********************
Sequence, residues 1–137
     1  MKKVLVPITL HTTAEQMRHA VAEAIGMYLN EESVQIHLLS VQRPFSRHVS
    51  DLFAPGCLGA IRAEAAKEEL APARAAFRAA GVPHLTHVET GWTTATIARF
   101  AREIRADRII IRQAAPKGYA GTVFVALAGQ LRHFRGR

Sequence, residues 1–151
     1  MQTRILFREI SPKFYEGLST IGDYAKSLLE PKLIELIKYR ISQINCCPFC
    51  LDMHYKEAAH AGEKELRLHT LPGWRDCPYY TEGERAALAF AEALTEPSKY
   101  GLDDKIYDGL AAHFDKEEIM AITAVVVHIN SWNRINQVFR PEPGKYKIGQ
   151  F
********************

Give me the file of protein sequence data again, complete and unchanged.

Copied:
Sequence, residues 1–137
     1  MKKVLVPITL HTTAEQMRHA VAEAIGMYLN EESVQIHLLS VQRPFSRHVS
    51  DLFAPGCLGA IRAEAAKEEL APARAAFRAA GVPHLTHVET GWTTATIARF
   101  AREIRADRII IRQAAPKGYA GTVFVALAGQ LRHFRGR

Sequence, residues 1–151
     1  MQTRILFREI SPKFYEGLST IGDYAKSLLE PKLIELIKYR ISQINCCPFC
    51  LDMHYKEAAH AGEKELRLHT LPGWRDCPYY TEGERAALAF AEALTEPSKY
   101  GLDDKIYDGL AAHFDKEEIM AITAVVVHIN SWNRINQVFR PEPGKYKIGQ
   151  F